The International Association of Geophysical Contractors applauded the US Department of the Interior’s Mar. 28 announcement that it was beginning an assessment of possible environmental impacts from future seismic surveys on the South and Mid-Atlantic US Outer Continental Shelf. “Unfortunately, this announcement is anticlimatic, now that the [Obama] administration has removed any leasing along the Atlantic seaboard from now until 2017,” IAGC Pres. Chip Gill said.
Gill conceded that applications to conduct geophysical activity on the Atlantic OCS remain on file with the US Bureau of Ocean Energy Management, but added that they were the result of industry interest after congressional leasing moratoriums expired and presidential withdrawals were lifted in 2008.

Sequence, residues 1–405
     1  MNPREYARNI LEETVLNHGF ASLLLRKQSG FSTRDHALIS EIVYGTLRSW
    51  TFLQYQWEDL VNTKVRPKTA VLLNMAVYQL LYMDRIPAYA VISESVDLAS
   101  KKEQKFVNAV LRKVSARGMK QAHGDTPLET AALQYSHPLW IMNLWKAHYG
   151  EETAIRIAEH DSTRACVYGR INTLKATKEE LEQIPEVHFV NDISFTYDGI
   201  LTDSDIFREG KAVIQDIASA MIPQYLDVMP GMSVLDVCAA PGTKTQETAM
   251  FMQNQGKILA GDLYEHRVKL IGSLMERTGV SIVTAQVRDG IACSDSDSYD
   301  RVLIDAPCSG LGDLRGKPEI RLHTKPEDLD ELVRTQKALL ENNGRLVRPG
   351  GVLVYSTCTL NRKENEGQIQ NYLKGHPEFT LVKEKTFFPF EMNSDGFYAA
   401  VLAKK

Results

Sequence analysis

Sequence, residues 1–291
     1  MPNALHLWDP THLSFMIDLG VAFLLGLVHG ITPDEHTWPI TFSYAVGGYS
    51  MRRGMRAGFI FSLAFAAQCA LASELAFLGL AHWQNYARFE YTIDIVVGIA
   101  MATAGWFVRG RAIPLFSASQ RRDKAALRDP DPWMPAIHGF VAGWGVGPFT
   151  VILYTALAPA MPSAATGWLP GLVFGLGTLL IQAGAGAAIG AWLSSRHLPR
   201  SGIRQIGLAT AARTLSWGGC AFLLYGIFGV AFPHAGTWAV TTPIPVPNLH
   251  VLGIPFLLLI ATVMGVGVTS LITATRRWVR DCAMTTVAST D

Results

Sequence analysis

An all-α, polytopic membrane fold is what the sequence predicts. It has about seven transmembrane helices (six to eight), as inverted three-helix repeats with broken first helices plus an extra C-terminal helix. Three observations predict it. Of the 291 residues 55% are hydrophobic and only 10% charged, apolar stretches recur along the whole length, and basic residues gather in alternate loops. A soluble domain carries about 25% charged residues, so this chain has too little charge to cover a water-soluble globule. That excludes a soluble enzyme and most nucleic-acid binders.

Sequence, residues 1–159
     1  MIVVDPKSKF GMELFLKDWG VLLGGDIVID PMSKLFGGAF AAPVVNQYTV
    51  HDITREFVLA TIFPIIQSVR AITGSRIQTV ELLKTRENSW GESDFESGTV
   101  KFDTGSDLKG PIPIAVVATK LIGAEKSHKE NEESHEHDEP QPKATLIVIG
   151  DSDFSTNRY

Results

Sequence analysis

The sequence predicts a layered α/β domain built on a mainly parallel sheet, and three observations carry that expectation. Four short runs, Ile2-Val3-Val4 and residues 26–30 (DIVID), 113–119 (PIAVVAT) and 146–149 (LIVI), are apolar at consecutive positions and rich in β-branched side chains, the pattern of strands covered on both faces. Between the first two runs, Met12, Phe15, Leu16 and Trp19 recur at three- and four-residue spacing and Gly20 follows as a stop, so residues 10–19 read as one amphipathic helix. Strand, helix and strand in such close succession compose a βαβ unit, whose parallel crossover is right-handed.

“Geophysical contractors acquire nonexclusive geophysical data for license to the oil and gas industry as well as acquire it as a service to oil and gas companies,” Gill said. “Therefore, contrary to the statements [by US Interior Sec. Ken Salazar and BOEM Director Tommy P. Beaudreau], we do not expect seismic surveys to be conducted for years, and thus we don’t expect it to be available to help the federal government evaluate the resource base anytime soon.”
Gill also questioned Interior’s decision to limit activity to South and Mid-Atlantic OCS. “We continue to urge the administration to expand the scope of its environmental review to the North Atlantic Planning Area,” he said. “If [it] is not included, we hope the government will allow individual project-specific environmental assessments to go forward that will facilitate geological and geophysical operations [there].”
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